to out-of-home residential treatment in the areas of mental health, juvenile justice, child welfare and 
substance abuse. 

A major emphasis of the division in the 1989-90 fiscal year was in the area of drug and alcohol 
prevention. For the fourth consecutive year the department received federal funds through the Drug- 
Free School and Communities Act to develop and expand drug and alcohol abuse prevention services 
for high-risk youth. Additionally, the division worked with the regions to develop local substance 
abuse intervention services. 

Also in collaboration with the regions, the division worked to expand family violence programs, 
and improved access to child guidance clinics forDCYS children through contract renegotiations with 
these service providers. 

In the area of residential and community living, the division continues to support and assist the 
development of a coordinated system of transitional and out-of-home placement programs including 
shelters, group homes residential treatment programs, and independent living programs. 

Construction of a new base-camp facility for the Wilderness School was largely completed in East 
Hartland. 

Division of Education 

TheDivision of Education operates theUnifiedSchoolDistrictll, which advances the department's 
mission to support children in their successful transition to adulthood. 

The Unified School District II serves the educational needs of children and youth who reside in or 
attend day treatment at department operated facilities and whose needs require they attend the 
facility's school. The school district also has responsibility to ensure that educational services are 
provided for children and youth who reside in private residential facilities and for whom no other 
school district has jurisdiction. 

School District activities were highlighted by a variety of parent-centered school activities, the 
presentation of the Connecticut Association of School Administrators' Superintendent's Awards to 
several school district students, presentation of staff professional development opportunities for CEU 
credit, distribution of high-interest books through the Reading is Fundamental program, participation 
in the BEST Program for training new teachers, continued participation in the Hunter Design for 
Effective Instruction training program and the revision of the district's computerized Individualized 



166 CHILDREN AND YOUTH 



Education Program for students. The Placement Services Unit continued to provide educational 
consultation to department personnel and worked closely with the state Department of Education 
regarding interagency issues. 

Division of Quality Assurance 

The Division of Quality Assurance holds administrative case reviews, administrative hearings, 
licenses placement resources, conducts evaluations of contracted services, and investigates allega- 
tions of abuse or neglect of children placed in out-of-home care. 

Administrative case reviews, mandated by federal law, are intended to determine whether children 
living away from their families require continued placement, to assure that the placement is 
appropriate and to establish a time frame for each child's return home or to a permanent family home.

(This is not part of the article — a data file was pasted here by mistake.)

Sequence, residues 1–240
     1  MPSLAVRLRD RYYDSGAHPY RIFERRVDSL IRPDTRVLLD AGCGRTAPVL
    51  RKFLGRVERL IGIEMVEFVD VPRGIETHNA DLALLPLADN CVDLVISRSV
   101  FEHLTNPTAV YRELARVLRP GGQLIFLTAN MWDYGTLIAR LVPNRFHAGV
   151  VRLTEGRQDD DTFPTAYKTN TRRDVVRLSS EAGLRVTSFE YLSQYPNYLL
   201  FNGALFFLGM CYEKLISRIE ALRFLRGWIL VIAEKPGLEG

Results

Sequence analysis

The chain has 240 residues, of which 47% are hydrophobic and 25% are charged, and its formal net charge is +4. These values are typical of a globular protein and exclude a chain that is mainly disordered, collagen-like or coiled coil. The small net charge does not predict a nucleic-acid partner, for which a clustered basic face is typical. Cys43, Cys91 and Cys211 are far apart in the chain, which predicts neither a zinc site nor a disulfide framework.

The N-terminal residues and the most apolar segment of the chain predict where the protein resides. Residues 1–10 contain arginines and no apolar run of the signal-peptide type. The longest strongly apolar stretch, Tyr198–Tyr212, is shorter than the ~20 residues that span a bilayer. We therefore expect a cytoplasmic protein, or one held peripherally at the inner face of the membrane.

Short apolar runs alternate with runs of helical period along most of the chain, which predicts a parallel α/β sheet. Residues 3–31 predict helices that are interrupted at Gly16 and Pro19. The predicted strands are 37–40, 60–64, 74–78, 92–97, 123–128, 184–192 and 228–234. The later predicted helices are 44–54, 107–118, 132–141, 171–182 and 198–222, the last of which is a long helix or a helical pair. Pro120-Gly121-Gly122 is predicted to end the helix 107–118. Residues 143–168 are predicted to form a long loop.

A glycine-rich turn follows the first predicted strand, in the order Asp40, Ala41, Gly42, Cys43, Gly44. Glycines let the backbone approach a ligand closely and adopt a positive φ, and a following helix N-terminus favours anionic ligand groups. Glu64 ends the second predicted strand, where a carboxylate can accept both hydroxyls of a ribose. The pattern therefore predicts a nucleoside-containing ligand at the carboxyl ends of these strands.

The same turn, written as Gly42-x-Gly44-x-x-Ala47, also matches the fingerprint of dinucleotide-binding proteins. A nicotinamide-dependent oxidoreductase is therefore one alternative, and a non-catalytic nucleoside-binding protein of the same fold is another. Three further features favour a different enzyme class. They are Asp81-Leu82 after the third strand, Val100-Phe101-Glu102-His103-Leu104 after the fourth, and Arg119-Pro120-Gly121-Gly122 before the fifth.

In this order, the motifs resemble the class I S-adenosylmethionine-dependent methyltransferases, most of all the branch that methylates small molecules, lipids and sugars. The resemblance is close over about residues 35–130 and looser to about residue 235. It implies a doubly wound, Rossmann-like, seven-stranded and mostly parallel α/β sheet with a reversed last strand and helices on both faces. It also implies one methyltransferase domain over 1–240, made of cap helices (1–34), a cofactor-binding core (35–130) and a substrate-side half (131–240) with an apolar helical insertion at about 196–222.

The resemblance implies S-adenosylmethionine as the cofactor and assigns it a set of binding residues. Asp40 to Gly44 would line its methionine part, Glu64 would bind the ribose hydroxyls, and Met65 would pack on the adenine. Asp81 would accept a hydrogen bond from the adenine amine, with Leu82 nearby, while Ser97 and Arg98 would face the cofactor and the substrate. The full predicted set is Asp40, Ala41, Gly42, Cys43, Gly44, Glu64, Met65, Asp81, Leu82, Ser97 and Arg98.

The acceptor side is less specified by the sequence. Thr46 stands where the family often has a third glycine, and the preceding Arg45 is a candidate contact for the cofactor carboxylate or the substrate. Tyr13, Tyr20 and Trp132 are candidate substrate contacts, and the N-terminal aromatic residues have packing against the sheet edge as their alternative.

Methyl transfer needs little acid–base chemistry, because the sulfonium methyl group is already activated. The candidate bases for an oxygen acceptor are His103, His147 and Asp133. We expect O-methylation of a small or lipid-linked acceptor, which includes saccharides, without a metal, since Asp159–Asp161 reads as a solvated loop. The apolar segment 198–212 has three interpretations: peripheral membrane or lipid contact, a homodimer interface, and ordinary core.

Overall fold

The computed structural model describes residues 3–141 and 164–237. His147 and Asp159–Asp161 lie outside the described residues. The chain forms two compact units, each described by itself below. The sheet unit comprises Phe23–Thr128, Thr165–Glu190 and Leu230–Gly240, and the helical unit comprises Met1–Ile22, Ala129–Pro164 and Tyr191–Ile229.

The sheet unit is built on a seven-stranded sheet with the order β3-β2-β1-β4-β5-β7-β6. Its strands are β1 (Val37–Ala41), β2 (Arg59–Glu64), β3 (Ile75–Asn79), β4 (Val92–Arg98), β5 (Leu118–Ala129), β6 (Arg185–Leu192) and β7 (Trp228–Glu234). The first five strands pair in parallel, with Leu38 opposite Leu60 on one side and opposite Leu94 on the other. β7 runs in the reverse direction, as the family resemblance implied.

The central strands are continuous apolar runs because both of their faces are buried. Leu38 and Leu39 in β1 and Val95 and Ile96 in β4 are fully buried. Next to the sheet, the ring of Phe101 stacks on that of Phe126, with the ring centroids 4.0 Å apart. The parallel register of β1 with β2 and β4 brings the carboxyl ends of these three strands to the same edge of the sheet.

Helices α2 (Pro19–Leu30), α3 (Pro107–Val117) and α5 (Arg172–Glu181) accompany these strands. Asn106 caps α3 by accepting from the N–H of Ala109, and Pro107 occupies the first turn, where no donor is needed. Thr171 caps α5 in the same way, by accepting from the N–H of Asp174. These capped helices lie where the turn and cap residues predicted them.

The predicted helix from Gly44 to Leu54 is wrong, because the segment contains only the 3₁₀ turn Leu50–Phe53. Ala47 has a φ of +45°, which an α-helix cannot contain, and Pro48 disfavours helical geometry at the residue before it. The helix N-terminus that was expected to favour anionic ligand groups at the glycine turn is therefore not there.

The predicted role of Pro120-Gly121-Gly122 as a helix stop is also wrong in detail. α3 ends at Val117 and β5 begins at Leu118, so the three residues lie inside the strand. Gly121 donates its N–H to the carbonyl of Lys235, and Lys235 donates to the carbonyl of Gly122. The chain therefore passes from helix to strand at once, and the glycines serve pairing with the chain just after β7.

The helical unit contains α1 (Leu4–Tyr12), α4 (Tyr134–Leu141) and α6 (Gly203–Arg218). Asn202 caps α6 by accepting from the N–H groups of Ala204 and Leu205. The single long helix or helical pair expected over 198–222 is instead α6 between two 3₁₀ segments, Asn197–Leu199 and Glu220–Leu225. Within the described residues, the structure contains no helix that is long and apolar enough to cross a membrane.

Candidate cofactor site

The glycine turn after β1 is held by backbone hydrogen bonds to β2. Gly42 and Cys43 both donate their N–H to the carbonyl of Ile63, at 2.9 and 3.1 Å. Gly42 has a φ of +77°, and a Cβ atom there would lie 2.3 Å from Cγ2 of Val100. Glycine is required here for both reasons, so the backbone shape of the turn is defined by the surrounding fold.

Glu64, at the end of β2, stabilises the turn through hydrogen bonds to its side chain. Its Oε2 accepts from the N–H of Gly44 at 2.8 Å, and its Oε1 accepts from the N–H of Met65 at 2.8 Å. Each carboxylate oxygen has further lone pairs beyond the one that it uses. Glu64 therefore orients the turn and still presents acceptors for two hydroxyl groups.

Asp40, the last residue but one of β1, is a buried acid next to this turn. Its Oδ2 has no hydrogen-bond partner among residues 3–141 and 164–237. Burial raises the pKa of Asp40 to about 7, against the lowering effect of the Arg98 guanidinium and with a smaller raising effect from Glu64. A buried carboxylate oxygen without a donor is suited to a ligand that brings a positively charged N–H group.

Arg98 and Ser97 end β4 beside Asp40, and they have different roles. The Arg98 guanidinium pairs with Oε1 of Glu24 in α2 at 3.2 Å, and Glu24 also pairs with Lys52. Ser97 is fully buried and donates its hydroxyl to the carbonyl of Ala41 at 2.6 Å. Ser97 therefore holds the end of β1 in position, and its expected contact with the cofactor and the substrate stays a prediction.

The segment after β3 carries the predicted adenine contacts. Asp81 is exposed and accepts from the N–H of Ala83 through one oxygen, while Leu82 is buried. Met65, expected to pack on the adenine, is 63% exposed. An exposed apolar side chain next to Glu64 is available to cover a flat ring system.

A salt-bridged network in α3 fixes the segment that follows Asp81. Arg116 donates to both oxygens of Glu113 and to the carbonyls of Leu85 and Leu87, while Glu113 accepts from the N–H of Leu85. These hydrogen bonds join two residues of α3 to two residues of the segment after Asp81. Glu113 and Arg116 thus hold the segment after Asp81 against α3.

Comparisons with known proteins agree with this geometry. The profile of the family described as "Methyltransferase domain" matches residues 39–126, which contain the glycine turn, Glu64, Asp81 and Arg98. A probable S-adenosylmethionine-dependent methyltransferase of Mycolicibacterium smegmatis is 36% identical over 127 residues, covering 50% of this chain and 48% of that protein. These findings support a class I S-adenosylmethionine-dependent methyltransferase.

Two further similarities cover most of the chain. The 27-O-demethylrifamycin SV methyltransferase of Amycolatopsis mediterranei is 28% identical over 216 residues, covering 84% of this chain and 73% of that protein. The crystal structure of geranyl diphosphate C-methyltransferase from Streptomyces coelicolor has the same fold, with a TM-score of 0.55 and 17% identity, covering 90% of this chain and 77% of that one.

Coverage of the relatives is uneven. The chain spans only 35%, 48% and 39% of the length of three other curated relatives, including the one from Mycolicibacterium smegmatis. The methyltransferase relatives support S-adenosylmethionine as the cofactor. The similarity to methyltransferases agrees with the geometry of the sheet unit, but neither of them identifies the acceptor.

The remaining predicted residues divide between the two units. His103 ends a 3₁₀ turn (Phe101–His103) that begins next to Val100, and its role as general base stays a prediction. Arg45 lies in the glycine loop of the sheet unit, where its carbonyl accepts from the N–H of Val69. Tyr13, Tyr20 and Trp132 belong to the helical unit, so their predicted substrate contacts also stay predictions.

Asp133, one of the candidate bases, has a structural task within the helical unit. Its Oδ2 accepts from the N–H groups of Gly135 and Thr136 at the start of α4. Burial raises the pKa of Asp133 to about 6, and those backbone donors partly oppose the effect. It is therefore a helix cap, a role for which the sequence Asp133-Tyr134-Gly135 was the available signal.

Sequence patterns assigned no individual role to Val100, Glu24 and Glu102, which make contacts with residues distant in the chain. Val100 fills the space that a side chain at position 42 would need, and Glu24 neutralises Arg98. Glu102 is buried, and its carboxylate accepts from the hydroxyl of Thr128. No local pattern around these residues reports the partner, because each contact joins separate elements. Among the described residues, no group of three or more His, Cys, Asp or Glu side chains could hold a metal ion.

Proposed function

In the 1989-90 fiscal year, six staff members reviewed 8,559 plans for children and 3,253 family plans. 
An enhanced qualitative case review process, which was implemented in two offices in the 1989-90 
fiscal year, was expanded to four regions in the current year. 

Administrative hearings are conducted when departmental actions are contested in the areas of 
treatment plans, cash benefits, return of children to Long Lane from community placement, denial or 
revocation of a license and removal of a child from a foster f amily . The division conducted 149 such 
reviews in last year. Additionally, 20 hearings were denied, withdrawn or resolved by negotiation. 

The Program Review and Evaluation Unit monitors and evaluates programs that are funded or 
supported by the department. It also reviews research proposals. The unit conducted 120 program 
evaluations of contracted services. Additionally, the unit developed standards for child guidance 
clinics, and the research committee reviewed 14 studies and held 10 consultations. 

The Investigations Unit investigates allegations of child abuse in private child-care institutions and 
DCYS-licensed foster homes. The unit received 130 referrals involving group care and 102 reports 
against foster homes. Other projects included development of an interagency investigation protocol 
with the Department of Mental Retardation and refinement of a protocol for investigating licensed 
foster homes. 

During the last year, the department licensed a total of 457 new family homes including 28 1 foster 
families, 72 adoptive families, and 104 relative homes. The department also conducted 715 
relicensing reviews, approving 625 and closing 90. The "quality of life" was reviewed in 286 foster 
family homes. Initial licenses were issued to one new group home, two residential educational 
institutions, one adolescent alcohol/substance abuse treatment program, one child placing agency, 
and one transitional living program. The department re-licensed 60 child care facilities, 29 in-state 
child placing agencies, and six permanent family residences. Fifty-five out-of-state child placing 
agencies were reviewed and approved. Additionally, the department worked with the Office of the